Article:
Puslapio vaizdai

for picturesque beauty. From William Aislabie it defcended to the late Mrs. Lawrence, famous for her political spirit, and for triumphing over the very Reform Bill, and continuing, by the creation of what were called cowfhed votes, to fend her nominees for the adjoining borough of Ripon to parliament. By her it was bequeathed to the Earl de Grey, a collateral defcendant from the Aiflabies, who is now the fortunate proprietor.

To reach the abbey, you must present yourself at the gates of Studley Park, where guides are in attendance to conduct you over the whole scene. With one of these you afcend the vale of the Skell, amid a fucceffion of fcenes of the most woodland and truly English beauty. As you advance, you behold unfolding before you, woods, grand old avenues, lakes, streams, fountains, and lawns and terraces of the most smoothlyshaven neatness. It is the perfection of art employed on a wildly fecluded nature. The exquifite keeping and finish of the whole makes you feel as if you had entered the very gardens of Armida, if even they in their fabled beauty can be conceived fo highly adorned and exquifitely tended.

In fhadier bowers,

More facred and fequeftered, though but feigned,
Pan or Sylvanus never flept, nor nymph

Nor faunus haunted.


In fact, the artistic finish appears almost too perfect, and as if not a leaf even could fall without offending that confummate polish of velvet lawn, winding walk, fmooth as polished stone, and bower, and temple, grotto, and statue of Grecian god or goddess, or contending gladiators, the hum of nicely-studied waterfall, or the funlit furface of lakes, moved only by the wings and oaring feet of wild fowl. But, as these elyfian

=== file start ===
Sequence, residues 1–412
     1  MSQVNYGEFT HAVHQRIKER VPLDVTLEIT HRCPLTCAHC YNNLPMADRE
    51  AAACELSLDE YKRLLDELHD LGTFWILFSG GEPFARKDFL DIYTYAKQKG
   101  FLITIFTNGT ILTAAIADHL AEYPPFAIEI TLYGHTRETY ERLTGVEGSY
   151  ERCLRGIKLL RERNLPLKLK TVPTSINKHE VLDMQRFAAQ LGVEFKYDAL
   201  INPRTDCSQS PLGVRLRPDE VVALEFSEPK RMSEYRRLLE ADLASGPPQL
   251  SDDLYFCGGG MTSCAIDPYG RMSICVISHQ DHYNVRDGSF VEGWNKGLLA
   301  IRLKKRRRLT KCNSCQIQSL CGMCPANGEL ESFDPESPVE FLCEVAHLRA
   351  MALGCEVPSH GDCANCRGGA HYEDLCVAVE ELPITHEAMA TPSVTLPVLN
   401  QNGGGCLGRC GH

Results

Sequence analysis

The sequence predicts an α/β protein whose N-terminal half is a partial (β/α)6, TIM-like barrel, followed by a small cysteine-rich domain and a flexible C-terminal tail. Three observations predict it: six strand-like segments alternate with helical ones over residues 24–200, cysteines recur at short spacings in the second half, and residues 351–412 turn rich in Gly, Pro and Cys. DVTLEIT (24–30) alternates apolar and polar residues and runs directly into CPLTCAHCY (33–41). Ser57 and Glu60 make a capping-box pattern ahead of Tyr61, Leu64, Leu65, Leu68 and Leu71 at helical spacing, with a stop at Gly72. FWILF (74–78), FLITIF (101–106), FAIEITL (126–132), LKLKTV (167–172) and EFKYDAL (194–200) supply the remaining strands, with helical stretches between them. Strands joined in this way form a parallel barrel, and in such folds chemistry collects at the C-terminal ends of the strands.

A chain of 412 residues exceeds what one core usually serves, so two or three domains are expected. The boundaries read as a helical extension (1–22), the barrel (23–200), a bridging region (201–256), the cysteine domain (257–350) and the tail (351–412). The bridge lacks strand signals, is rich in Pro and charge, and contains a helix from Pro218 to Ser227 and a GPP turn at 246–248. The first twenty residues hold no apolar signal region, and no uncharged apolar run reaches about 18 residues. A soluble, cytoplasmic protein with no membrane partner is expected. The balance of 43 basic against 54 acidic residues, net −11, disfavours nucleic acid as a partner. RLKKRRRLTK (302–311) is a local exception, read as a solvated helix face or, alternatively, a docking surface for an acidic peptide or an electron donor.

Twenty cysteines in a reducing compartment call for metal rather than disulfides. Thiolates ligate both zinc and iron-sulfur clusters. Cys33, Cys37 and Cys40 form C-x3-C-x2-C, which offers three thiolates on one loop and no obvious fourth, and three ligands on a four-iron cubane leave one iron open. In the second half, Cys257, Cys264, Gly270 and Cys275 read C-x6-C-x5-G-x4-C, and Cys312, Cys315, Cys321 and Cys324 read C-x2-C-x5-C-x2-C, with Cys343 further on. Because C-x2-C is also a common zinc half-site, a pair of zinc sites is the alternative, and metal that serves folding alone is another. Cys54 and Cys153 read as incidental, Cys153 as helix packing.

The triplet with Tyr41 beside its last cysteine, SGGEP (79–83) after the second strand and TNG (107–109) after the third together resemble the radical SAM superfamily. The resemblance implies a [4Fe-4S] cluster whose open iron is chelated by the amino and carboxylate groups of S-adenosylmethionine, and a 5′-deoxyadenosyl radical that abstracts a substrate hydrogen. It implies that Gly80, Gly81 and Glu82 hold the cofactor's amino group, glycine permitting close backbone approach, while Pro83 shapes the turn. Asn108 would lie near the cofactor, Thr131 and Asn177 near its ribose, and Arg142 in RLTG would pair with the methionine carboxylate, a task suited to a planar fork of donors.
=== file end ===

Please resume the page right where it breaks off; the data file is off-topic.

scenes are but the introduction to the abbey itself, we shall only say that we pass the Moon and Crescent ponds, the Octagon Tower, leaving Studley Hall itself on the right, and through groups of immense spruce firs, fome of them of one hundred and thirty feet in height, and of upwards of twelve feet in circumference at the bafe. Suddenly a door opens, and we find ourselves in a noble Gothic alcove, called Anne Boleyn's Seat, and before us a most striking view of the abbey, with its tall and ftately tower, amid the opening woods, and on the banks of the meandering Skell.

As we advance along this narrow dale amid towering rocks and shrouding woods, we are reminded that we are now in Fountain Dale, famous for the contest of Robin Hood and the Curtal friar. Paffing this spot, we presently emerge into the full view of the noble abbey, with the fine pointed windows of the body of the church wreathed with masses of ivy; but its grand tower standing clear and majestic, and nearly as unimpaired as at the hour of its defertion. To defcribe the whole of the remains of this admirable ruin would require a volume. There are the chapel of Nine Altars, the glorious choir, the transept and side chapels, the tower, the nave, the cloister-court, the cloisters, and chapter-house-all demanding particular attention for their noble proportions, and the grace and beauty of their remaining arches, columns, and windows. The chapel of Nine Altars is wonderfully impreffive from the loftiness and lightness of its arches, which cross it in prolongation of the clereftory of the choir, the central pillars of which are octagonal, but are now ftripped of the cylindric fhafts, with which they were formerly clustered. These are faid to have been the work of a rustic genius of the village of Sawley, called in the charters of the abbey "Thomas Marmorarius de Sawley.” Over one of the windows is a fcroll infcribed in abbreviation


with a motto which reveals the origin of the abbey's name. Benedicite fontes domino.